Global Citizen is a community of people like you

People who want to learn about and take action on the world’s biggest challenges. Extreme poverty ends with you.


4 stories you might have missed this week

1/ A Dengue Fever Vaccine Is On the Way

The Gist: Dengue fever is a debilitating mosquito-borne illness. It’s sometimes fatal, but always extremely painful. An estimated 400 million people are sickened each year, which in turn causes immense economic damage, often to communities and to families that can least afford it. Dengue most often strikes the tropics. But its range has been steadily expanding over the years as climate change makes conditions more favorable to warm-weather loving mosquitos. 

Dengue vaccine researchDengue vaccine prequalification period Culture medium preparation zone Sanofi Pasteur site in Neuville-sur-Saône - France 09/12/2011 Copyright Sanofi Pasteur / Vincent Moncorgé

Why This is a big deal: Because dengue was a disease mostly confined to poor parts of the world, there was not much of a market for a vaccine. But mexico announced this week that it has approved for use The Dengvaxia vaccine, manufactured by French pharmaceutical giant Sanofi. A key question going forward is whether or not this vaccine may be available at an affordable price in poorer countries. 

Go Deeper: 

2/ Air Pollution brings Beijing to a Grinding Halt

The Gist:  The World Health Organization recommends that humans are exposed to no more than 25 micrograms per cubic meter of a harmful particle called PM 2.5. Levels in Beijing this week reached 350. Authorities ordered half of all private cars off the street and outdoor construction work was barred 

Beijing smog.jpgImage: Flickr: Josh

Why this is a big deal. Air pollution is harmful to human health. That’s a given. But there is larger political significance to this as countries around the world are gathered in Paris to hammer out the final details of a climate change agreement. China has surpassed the USA as the world’s single largest emitter. And earlier this year, China and the USA entered a bi-lateral agreement to jointly curb emissions. And China, as a rapidly developing country, is a key player in the COP21 negotiations. This devastating smog could still add some much needed political pressure on Chinese delegates in the final moments of these negotiations.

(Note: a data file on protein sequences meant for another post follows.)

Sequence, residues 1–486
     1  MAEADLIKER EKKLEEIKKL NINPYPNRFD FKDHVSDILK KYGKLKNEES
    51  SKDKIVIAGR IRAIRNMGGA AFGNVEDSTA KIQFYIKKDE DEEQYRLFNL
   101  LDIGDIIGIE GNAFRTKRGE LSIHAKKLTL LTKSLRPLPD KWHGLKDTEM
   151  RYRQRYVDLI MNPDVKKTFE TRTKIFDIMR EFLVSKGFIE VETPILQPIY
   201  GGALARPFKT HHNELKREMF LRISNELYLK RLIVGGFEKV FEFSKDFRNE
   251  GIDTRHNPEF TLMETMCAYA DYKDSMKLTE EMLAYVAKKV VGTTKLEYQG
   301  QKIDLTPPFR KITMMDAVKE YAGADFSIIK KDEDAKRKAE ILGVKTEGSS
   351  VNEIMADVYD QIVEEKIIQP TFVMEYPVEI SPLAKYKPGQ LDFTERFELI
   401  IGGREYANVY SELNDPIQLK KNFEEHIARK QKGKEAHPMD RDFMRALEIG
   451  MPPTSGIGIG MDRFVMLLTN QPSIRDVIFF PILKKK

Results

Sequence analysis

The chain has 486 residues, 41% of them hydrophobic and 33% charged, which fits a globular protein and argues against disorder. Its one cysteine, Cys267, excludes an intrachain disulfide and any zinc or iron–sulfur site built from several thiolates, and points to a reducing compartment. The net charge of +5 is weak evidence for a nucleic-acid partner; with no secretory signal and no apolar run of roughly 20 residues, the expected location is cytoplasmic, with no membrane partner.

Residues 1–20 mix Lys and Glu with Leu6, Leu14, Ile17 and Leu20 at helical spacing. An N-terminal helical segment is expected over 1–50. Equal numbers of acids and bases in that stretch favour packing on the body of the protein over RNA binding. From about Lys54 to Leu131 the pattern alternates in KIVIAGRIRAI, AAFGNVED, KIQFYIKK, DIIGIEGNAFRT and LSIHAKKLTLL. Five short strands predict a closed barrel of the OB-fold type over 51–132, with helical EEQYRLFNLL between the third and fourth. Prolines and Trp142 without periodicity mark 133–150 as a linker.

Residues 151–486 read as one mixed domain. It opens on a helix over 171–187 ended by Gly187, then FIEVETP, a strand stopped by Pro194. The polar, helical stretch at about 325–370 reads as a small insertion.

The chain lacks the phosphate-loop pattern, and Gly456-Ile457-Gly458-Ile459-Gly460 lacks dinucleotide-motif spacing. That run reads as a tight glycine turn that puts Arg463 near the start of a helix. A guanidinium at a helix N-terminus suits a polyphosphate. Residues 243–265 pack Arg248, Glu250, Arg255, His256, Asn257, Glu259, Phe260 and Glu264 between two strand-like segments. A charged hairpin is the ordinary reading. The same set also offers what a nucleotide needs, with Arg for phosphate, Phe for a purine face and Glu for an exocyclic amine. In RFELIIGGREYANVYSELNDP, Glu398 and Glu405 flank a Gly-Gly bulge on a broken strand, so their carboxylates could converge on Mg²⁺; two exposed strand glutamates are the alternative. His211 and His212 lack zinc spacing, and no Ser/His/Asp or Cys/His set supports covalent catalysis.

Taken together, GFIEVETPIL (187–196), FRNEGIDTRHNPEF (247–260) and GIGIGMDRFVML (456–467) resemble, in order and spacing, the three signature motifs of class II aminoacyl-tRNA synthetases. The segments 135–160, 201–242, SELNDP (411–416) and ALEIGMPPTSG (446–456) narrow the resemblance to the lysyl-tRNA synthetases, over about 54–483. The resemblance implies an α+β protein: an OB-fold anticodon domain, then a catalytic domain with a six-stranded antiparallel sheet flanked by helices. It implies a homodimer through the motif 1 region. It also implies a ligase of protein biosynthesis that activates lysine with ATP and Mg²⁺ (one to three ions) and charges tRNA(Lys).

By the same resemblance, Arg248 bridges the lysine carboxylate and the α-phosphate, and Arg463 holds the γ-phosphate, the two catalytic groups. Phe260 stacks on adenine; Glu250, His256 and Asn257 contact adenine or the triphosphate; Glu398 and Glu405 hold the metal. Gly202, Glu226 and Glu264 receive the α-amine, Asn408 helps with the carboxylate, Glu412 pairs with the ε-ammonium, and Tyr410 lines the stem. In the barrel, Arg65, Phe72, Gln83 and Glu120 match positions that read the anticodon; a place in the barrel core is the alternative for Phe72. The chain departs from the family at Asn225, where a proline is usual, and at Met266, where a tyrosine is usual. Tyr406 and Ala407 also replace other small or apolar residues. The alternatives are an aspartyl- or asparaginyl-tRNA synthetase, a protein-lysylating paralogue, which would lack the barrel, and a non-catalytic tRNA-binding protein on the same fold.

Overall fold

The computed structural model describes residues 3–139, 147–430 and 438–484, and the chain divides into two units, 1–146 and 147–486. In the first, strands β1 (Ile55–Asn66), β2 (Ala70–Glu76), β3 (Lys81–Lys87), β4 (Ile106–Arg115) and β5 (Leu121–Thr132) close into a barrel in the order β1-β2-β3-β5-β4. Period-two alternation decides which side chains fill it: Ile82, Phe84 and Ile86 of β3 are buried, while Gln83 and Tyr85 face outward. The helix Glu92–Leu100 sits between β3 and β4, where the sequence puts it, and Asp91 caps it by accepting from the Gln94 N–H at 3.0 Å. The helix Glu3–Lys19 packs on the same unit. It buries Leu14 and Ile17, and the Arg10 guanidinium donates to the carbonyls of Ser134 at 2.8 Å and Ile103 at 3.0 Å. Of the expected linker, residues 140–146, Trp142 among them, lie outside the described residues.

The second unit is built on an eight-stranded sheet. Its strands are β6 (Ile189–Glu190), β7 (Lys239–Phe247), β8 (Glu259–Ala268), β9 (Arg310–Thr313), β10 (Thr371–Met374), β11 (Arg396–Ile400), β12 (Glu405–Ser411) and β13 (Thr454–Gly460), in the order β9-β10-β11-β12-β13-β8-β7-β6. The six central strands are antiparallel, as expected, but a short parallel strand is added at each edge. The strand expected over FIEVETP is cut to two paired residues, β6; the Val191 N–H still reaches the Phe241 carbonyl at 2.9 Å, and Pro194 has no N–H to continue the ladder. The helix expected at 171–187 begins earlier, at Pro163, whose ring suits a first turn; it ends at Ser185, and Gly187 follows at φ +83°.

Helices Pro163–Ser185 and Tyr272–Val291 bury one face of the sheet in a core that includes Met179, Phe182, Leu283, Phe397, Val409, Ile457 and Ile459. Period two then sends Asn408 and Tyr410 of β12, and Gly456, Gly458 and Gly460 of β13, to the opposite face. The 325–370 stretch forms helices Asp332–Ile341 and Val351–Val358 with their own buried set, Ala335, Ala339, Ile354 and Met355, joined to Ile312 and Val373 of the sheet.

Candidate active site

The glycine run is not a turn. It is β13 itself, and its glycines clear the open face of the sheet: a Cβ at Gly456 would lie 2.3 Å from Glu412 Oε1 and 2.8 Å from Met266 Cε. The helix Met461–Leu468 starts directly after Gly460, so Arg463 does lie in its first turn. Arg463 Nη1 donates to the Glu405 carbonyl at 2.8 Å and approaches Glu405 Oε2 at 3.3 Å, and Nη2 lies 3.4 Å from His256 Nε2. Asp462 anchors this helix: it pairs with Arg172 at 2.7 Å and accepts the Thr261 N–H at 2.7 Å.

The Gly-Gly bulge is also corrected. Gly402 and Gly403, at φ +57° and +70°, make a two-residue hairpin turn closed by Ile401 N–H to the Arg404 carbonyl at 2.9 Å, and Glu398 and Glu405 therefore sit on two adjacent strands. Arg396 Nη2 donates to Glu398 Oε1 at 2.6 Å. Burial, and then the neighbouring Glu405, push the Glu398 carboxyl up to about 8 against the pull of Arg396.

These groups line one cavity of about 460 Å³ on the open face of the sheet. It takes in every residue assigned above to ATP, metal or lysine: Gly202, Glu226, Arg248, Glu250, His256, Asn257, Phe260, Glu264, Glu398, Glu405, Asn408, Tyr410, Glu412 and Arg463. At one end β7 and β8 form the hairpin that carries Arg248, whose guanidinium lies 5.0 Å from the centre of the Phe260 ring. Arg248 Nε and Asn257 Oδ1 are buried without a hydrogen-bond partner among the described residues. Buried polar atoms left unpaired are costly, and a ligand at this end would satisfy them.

Go Deeper

3/ OCHA Plans for its Toughest Year Ever

The Gist: OCHA is the UN’s Office for the Coordination of Humanitarian Affairs. They are the world’s central clearinghouse for emergency relief operations when a natural or manmade disaster strikes somewhere in the world. In december, they issued a funding appeal, saying relief agencies will require $20.1 billion to serve the basic humanitian needs of people uprooted by violence or natural calamity. 

refugeecamp.jpgDaily life in Zaatari refugee camp in Jordan.
Image: Flickr: World Bank Photo Collection

Why this is a Big Deal...The $20.1 billion price tag is the largest funding appeal ever issued by OCHA. By far the largest driver of humanitarian needs going into 2016 is related to crises in Syria and Iraq. But conflict in South Sudan and the Central African Republic; and expected food security emergencies in East Africa, due to El Nino, are adding huge pressures to humanitarian agencies that are already stretched thin. $20.1 bn is five times what the needs were a decade ago. Alas, donors have not kept up. Last year’s appeal is still over $9bn short. Going into 2016, the needs of humanitarian agencies are going to be bigger than ever. But will donors be able to keep up with the need?

Go Deeper 

4/ China Goes Big in Africa

The Gist: at the annual forum on China-Africa cooperation, Beijing made a huge pledge: it would invest $60 billion in Africa. $60 Billion is a massive sum. And one that was totally unexpected. 

Why this is a big deal:  Since 2000, Chinese investment in Africa has amounted to the tune of $30 billion. Needless to say, 60 billion is a massive increase. But where will the money go? It’s hard to discern at this point, but chances are investments will go to the things that the Chinese have long prioritized in Africa: infrastructure development and industrialization. This massive investment comes as a challenge to the USA and Europe--which are still the biggest investors in Africa. But western investments tend to come with human rights or good governance strings attached. China has a more laisse-faire approach to such questions. 

Go Deeper